For David File, taking his laptop to a coffee shop is part-work, part-entertainment.
“I prefer to work at coffee shops because they are social places, but they are not distracting,” he says. “I enjoy observing the people sitting around, and it provides some amusement when I’m tired of working.”
File, an engineer and physicist who lives in Lawrence, doesn’t mind the muted conversation at a coffee shop. He doesn’t like working at home because it’s too isolated and there are too many distractions.
He’s among the Lawrence professionals who turn local hangouts into offices of sorts, sipping joe while plowing through the day’s work.
Coffee shops are increasingly being treated as a second “office” by people because they have the quality of being “third places,” a term coined by Ray Oldenburg, a retired sociology professor from the University of West Florida. Third places are public, neutral places that allow people to forget their concerns and just enjoy the company and conversation around them. They are in contrast of “first places” (home) and “second places” (work).
Coffee shops give people the impression of having company without getting distracted by conversation, Oldenburg says.
Patti Pope, a registered nurse with the Visiting Nurses Association, visits at least two to three patients per day and has to fill out paperwork after each visit. It’s not feasible for her to go home after each visit, so coffee shops are the perfect solution for her.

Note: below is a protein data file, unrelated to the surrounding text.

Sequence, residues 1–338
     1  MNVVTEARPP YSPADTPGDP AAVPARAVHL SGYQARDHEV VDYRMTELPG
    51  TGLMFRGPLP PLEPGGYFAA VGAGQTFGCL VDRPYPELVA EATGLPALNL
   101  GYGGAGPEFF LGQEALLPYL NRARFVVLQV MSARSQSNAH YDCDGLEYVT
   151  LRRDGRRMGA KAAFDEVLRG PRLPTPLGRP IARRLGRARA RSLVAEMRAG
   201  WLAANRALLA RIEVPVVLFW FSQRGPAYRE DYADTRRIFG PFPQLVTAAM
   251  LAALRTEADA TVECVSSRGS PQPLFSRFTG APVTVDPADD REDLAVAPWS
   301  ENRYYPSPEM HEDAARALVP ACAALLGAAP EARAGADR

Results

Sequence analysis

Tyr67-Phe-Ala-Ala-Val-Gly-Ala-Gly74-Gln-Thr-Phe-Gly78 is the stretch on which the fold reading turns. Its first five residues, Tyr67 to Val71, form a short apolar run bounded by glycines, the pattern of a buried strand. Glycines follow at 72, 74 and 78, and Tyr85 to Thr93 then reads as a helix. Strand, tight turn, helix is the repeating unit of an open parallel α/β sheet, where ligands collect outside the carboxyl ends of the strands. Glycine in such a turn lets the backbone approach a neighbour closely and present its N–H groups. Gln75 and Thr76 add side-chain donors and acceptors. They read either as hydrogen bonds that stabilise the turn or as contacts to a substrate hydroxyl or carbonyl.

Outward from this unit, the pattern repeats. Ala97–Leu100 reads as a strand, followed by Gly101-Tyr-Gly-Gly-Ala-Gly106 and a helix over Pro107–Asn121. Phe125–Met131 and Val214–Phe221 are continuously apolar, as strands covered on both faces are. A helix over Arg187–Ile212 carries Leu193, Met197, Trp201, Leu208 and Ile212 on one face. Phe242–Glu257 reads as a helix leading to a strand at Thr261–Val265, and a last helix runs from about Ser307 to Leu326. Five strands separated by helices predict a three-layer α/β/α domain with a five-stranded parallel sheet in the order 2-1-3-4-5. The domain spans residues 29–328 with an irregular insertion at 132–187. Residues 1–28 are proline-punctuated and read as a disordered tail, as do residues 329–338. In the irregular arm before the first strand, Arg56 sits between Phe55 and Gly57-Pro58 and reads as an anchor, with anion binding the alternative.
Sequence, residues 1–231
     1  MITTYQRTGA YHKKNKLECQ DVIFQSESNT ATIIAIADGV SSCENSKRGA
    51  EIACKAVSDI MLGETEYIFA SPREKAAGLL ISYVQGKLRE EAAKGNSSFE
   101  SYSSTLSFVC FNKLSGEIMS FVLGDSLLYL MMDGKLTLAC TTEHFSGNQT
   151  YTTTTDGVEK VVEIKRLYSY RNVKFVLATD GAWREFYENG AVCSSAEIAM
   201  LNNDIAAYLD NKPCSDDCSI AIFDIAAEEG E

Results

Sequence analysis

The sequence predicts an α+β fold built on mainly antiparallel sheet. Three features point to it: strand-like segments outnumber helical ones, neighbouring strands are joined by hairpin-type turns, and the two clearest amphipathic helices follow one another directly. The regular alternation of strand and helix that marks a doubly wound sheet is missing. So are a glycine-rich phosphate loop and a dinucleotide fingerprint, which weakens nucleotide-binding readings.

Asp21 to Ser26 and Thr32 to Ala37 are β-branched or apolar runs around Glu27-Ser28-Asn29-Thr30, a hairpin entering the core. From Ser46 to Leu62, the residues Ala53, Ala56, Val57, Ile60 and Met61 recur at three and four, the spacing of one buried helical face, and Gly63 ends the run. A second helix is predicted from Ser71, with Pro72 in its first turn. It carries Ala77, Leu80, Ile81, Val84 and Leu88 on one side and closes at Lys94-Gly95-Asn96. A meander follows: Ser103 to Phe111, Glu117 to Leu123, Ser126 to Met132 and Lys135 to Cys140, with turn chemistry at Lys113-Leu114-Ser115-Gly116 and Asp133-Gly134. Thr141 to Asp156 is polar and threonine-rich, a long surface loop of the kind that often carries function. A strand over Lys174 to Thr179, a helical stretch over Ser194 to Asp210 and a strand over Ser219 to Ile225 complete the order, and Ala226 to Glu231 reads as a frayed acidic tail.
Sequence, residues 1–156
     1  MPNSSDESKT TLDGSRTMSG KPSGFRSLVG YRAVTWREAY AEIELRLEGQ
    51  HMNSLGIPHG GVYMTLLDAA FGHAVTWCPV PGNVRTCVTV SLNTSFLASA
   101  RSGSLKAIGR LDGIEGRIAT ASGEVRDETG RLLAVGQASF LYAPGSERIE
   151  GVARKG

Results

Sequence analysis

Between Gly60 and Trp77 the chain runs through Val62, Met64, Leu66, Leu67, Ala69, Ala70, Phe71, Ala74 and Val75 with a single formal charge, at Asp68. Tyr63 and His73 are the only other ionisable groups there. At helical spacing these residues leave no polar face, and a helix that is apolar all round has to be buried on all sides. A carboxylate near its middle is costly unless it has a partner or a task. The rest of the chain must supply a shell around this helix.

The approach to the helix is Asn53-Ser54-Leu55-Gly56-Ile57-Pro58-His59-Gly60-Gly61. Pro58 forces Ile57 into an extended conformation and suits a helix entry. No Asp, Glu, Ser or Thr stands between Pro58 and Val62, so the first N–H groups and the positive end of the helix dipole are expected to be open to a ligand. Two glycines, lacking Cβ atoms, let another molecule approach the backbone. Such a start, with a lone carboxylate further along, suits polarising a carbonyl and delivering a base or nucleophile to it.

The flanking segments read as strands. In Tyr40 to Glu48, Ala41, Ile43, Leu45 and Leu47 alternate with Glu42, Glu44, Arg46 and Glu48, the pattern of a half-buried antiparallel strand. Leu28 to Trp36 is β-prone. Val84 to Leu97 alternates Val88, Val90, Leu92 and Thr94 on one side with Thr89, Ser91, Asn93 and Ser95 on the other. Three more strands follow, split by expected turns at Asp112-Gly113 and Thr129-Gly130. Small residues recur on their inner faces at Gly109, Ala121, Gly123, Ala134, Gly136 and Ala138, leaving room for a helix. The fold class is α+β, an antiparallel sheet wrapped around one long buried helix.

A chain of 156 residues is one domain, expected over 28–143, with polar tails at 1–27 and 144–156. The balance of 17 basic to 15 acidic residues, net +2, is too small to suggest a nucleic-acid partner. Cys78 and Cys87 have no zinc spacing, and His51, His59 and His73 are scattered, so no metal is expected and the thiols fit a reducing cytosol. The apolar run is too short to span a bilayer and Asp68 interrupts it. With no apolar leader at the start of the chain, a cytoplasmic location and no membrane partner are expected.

“I love coffee shops because they have great atmosphere and plenty of freedom,” she says. “I enjoy being able to sit next to the window and people-watch or just look out.”
Pope says she doesn’t like working at the office because there is too much noise and too many distractions. She doesn’t mind the noise at coffee shops because she says it’s “blind noise,” so it does not disturb her.
The coffee shops she chooses, though, must have certain features. The coffee must be of good quality, there should be outlets for her laptop, there should be free wireless Internet access, and the shop should have appropriately soothing music.
If working professionals have turned coffee shops into their “offices,” then students are not far behind. Nora Jaafar, a senior at Kansas University and regular at Java Break, also prefers to go to coffee shops to study.
Like Pope, Jaafar’s choice of a locale also has to meet certain requirements.
“The coffee shop I study at must have a good environment and must sell fair trade coffee,” she says.
Jaafar’s solution for when the “blind noise” becomes too distracting? Simple: She plugs in her iPod and just tunes them out.